Symptomatic of the nonchalant attitude adopted by Royal Mail staff in failing to care for items of mail, pictured here is a Royal Mail delivery cart with its lid open, offering access to any opportunist thief passing by. This cart was left unattended for more than 10 minutes while a postman was out of sight at the other end of the road (photo taken in Belitha Villas, London N1 1PD at 9.20am on 18 April 2015). Three weeks after an increase in postal rates, the old prices were still to be seen on display in Royal Mail's collection office in Almeida Steet, London N1. Royal Mail management and staff are not giving a convincing display of taking seriously their duty of care. For details of the £6m compensation paid out by Royal Mail in 2013/2014 see Royal Mail Complaints_2013_14, yet the true cost to customers remains far higher.

For the second time, we have run a web-based auction. There were 2,500 lots on offer, with a fine choice of British, American and Continental European exlibris on offer. It is still possible to view these - go HERE. This auction ran during February and March 2015, attracting 70 participants. Eighteen months ago in Summer 2013 we ran a similar, but smaller, web-based auction. Our auctions are normally just for members, but we have opened these online events toh non-members, some of whom have taken up memebership. Lots in the 2013 web auction can still be viewed at Web Auction 1.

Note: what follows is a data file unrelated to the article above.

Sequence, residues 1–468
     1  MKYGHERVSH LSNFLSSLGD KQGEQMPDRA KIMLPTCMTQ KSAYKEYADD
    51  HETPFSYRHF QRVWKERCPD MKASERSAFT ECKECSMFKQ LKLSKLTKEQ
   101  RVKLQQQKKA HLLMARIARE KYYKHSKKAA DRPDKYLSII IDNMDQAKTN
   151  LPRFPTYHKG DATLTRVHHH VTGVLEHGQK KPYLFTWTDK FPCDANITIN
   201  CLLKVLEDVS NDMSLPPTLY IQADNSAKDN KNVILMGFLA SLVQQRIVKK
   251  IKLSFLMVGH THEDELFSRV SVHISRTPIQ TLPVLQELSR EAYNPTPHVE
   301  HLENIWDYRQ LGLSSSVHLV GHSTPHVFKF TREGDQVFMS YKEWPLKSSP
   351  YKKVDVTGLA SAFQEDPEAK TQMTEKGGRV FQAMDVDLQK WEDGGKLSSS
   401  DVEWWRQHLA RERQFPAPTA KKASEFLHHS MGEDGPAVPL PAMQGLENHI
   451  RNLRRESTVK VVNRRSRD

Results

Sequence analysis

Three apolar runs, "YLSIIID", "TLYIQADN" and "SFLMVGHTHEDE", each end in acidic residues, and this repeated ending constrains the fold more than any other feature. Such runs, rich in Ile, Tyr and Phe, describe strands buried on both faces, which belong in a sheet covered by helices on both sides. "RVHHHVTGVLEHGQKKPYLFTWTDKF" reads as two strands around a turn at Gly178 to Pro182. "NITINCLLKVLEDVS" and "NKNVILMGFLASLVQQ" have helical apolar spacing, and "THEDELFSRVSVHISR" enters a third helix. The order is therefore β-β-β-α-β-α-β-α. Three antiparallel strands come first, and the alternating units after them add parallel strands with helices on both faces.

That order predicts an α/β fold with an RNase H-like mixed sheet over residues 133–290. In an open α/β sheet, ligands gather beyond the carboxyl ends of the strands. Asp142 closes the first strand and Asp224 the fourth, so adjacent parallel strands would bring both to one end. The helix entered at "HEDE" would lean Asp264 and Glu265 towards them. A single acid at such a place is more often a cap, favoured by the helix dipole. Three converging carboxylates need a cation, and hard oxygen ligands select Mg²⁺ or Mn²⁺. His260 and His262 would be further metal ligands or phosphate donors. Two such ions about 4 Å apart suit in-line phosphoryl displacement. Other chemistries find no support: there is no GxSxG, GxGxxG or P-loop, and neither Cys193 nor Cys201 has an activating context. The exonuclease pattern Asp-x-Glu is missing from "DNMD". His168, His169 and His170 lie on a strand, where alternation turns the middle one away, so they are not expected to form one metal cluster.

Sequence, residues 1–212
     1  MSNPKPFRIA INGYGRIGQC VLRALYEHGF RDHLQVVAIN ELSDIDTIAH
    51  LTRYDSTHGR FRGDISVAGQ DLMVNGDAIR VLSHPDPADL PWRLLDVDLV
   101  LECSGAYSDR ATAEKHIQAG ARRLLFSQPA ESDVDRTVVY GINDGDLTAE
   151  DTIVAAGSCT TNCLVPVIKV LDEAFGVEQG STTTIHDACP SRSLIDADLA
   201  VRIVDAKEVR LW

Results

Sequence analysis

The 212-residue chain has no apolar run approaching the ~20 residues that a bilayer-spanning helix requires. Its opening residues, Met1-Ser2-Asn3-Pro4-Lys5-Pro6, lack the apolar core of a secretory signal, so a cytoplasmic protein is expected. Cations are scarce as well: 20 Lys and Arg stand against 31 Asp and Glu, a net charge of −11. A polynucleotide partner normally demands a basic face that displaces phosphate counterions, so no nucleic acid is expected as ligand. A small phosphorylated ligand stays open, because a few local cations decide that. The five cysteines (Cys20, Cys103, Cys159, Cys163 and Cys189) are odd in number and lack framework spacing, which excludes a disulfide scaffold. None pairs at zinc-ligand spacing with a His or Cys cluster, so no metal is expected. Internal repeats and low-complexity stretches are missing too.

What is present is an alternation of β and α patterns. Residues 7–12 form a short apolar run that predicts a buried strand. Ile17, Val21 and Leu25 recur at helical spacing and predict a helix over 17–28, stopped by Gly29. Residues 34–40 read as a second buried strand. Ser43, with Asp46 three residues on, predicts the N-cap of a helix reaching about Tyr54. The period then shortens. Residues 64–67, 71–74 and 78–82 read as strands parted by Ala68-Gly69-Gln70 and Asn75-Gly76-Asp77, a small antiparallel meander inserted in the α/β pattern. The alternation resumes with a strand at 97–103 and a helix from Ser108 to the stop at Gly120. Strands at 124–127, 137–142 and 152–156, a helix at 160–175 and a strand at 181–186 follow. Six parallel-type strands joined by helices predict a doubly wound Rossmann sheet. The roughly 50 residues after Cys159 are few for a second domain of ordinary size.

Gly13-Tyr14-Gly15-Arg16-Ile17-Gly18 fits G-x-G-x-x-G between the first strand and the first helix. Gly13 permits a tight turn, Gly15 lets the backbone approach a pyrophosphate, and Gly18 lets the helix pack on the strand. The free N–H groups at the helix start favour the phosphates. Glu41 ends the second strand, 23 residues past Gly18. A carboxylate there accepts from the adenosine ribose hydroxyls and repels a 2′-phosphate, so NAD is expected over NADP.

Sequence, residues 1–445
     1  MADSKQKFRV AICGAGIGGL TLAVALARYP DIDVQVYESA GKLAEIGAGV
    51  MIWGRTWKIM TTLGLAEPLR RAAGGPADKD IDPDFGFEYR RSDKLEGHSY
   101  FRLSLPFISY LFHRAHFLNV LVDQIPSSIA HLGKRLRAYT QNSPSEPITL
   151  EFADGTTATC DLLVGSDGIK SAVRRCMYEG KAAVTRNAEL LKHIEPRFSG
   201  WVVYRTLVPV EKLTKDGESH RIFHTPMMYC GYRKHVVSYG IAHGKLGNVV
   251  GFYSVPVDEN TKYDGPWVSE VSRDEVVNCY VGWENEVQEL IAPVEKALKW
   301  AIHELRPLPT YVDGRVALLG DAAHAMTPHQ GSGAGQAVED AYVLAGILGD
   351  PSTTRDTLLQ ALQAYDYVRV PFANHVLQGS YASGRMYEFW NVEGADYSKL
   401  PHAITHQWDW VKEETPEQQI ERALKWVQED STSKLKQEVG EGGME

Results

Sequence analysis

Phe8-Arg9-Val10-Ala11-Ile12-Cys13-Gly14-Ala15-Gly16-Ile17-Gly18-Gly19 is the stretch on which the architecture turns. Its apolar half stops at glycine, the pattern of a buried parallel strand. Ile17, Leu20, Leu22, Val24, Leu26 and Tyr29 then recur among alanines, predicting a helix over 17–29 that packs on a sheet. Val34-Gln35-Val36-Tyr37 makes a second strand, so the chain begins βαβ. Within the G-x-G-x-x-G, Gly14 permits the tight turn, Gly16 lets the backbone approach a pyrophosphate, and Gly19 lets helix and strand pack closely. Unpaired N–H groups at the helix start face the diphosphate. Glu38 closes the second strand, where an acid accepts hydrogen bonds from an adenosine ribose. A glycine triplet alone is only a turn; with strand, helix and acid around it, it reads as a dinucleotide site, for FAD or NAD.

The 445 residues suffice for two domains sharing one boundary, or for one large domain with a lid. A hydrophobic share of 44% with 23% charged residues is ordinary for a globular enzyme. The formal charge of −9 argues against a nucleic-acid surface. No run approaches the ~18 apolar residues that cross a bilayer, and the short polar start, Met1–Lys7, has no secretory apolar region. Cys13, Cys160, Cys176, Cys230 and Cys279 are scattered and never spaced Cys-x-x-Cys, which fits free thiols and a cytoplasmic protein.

Wood Engraver, Hilary Paynter's Exhibition entitled Breaking Boundaries
Hilary Paynter and Anthony Pincott was on display from Tuesday, 30 September to Saturday, 11 October 2014 at The Framers Gallery, 36 Windmill Street, London W1T 2JT. Pictured here with Hilary is Anthony Pincott, our Society's membership secretary and treasurer. Those who missed this wide-ranging view of her wood engravings, some pieced together to form large collages, can still obtain her book entitled Full Circle, a collection of her work over a 40 year period, comprising over 600 wood engravings, including 21 in colour, with accompanying text by the artist. Woodbine Publishing, 2010, price £45.